Overcoming Perfectionism

By Colleen Corbett

In the Bible it says, “Be ye therefore perfect, even as your Father which is in heaven is perfect.” Matt. 5:48 Striving for perfection sounds like a noble goal. Everybody wants to be better. Most of us are very aware of our faults and failings and we desire to improve our thoughts and behavior but is perfectionism the answer?

Years ago my psychiatrist gave me this statement that is still on my refrigerator, “perfection is a wonderful goal but it’s a terrible standard.”  So how do we keep it as a goal without making it a standard? How do we stop measuring our life with the ruler of perfection? To answer that question we first need to answer the question: what is perfectionism? If you are a perfectionist then you already know. You know that if anything you do, say, think, or feel is not perfect then it is unacceptable. It is inferior and you have failed. You hold yourself to a higher standard than anyone else. You know said standard is actually unattainable, nevertheless you are constantly criticizing yourself for not doing better. You tell yourself that somehow you should have known better, worked harder, been stronger, felt kinder and the list goes on and on.

Your need for perfection is a need for perfect results and a need for achieving those results perfectly. If the perfect result is achieved imperfectly then the result is negated and no longer perfect. The thought process can boggle the mind of a non-perfectionist. Perfectionism is fear. Perfectionism creates depression, anxiety and poor self esteem. Letting go of this consuming behavior takes conscious effort.

My journey of change began with learning to love myself and forgive myself. I aimed a lot of anger, criticism, and judgment at myself because I never measured up. I hated myself because I always believed there must be something inherently wrong with me because I failed to meet the standard of perfection on a regular basis. Things started to change when I made the decision to be kind. I told myself I would never treat another human being the way I treated myself.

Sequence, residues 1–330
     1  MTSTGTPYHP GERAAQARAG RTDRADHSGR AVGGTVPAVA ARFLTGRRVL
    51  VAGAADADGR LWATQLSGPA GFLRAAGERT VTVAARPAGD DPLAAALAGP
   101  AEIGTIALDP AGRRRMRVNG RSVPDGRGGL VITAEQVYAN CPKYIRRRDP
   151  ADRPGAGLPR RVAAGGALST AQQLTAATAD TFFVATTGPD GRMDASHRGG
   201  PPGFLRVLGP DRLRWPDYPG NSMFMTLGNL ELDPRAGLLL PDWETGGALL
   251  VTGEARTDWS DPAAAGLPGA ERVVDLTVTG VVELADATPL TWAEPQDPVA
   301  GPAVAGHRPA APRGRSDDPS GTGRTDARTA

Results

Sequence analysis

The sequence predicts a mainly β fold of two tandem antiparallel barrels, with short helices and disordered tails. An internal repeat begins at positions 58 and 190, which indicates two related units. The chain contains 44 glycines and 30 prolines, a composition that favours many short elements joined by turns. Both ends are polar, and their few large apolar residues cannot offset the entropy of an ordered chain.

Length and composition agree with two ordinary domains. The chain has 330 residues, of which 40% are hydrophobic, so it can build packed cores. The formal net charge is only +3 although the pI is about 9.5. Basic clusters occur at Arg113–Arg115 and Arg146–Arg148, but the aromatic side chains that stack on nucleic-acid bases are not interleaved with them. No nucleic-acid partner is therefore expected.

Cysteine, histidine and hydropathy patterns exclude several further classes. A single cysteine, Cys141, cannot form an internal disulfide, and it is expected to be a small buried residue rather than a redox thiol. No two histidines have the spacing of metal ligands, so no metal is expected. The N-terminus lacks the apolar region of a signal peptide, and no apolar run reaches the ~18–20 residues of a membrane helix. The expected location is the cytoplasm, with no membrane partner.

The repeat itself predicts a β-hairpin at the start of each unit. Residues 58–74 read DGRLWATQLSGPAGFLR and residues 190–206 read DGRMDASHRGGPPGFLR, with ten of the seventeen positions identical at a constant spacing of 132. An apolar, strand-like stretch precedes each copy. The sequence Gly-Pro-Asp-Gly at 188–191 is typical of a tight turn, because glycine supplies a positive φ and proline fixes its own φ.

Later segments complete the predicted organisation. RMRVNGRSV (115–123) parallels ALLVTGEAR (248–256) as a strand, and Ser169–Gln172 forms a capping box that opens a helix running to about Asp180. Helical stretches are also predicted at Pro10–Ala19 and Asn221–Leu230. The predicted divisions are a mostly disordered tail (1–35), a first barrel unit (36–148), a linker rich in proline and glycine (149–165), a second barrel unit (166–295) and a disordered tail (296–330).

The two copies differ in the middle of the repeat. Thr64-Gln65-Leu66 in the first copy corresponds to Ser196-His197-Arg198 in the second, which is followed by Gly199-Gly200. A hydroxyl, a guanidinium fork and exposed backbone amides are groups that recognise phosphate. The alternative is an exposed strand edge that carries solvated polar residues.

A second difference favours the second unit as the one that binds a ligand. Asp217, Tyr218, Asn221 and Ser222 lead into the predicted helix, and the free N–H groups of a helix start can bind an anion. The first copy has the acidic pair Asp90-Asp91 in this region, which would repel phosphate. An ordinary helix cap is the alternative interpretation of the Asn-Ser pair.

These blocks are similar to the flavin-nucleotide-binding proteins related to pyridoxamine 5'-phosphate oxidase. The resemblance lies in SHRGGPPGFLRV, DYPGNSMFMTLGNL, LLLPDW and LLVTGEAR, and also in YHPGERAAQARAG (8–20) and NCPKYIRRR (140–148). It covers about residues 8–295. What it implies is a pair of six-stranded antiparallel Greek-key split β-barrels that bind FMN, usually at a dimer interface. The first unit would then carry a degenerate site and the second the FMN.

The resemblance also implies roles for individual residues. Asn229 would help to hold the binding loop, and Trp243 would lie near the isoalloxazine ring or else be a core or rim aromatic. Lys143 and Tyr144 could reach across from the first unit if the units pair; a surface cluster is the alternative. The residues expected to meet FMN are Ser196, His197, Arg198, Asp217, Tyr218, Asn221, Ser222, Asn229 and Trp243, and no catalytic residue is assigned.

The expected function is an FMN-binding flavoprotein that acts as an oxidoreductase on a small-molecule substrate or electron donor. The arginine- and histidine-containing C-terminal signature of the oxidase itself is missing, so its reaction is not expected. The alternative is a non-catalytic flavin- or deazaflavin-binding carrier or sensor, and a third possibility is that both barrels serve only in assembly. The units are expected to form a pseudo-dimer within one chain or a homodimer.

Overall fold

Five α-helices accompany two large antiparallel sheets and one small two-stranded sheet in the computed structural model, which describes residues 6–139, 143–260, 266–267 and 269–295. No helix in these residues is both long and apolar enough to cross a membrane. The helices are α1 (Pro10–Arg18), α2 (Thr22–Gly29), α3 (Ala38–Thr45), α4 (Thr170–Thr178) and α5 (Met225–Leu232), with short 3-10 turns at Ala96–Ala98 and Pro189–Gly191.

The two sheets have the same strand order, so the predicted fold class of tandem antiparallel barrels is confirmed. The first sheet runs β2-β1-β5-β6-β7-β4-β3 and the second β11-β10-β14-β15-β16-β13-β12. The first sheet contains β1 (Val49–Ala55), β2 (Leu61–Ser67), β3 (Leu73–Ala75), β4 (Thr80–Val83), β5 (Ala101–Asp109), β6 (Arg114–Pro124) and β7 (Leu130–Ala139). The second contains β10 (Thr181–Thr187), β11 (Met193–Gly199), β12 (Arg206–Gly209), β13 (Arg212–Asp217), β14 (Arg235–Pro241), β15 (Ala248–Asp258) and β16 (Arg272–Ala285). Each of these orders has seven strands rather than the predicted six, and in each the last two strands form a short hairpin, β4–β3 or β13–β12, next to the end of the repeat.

As someone who desires to follow Jesus Christ’s example I reminded myself that I was deserving of compassion. “Love thy neighbor as thyself” took on a new meaning. When I didn’t measure up to the perfection standard I took a step back and reserved judgement while I examined my thoughts and behaviors. Instead of berating myself I chose to look at the situation as a learning experience. With practice I have learned to see myself in a kinder light. I show myself compassion and I forgive myself on a regular basis. I try to be aware of the times when I pull out the perfection ruler and remind myself it isn’t worth using. I also practice looking at life with a glass half full mentality. Looking for the good in every situation lifts my soul and I am more capable of letting go instead of trying to take control. 

My idea of perfection is something I made up in my mind. It is full of judgement, comparison, fear, and irresponsibility. When I make up my mind to accomplish something or create something I become responsible for the outcome. Then perfectionism steps in. It tells me I’m not good enough, smart enough, educated enough. It tells me I’m ugly, stupid, unimportant, and no one is interested in what I have to say. It tells me to give up because I’m incapable of creating anything worth sharing. I’m standing on the brink of success and instead of taking action and stepping over the crack, I turn around and run away from what I perceive as a ginormous chasm. I fail to recognize what I’m really doing and I let my imagination dictate my behavior. I have a dear friend who always tells it like it is. She told me to STOP IT! Oftentimes it’s really that simple. It’s not always easy and it can bring up feelings of fear but the truth is I just need to stop believing all my made up stories and take action. Take the steps that lead toward my goal. Write the paper, make the phone call, talk to the person, and stop getting in my own way. Stop being silly and selfish and careful. Stop believing that everything has to be my definition of perfect before I can take action. Stop worrying about how I look and what others will think. Be aware when my brain tries to hijack what my heart wants to do. Turn off the ticker tape of thought running in my mind by refusing to pay attention to it. Stop believing the world view about how I should behave. Listen to my heart, listen to my intuition.

If you struggle with being a perfectionist, take it from an old hand, it’s not worth it and it’s not what God intended for you.


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Colleen Corbett
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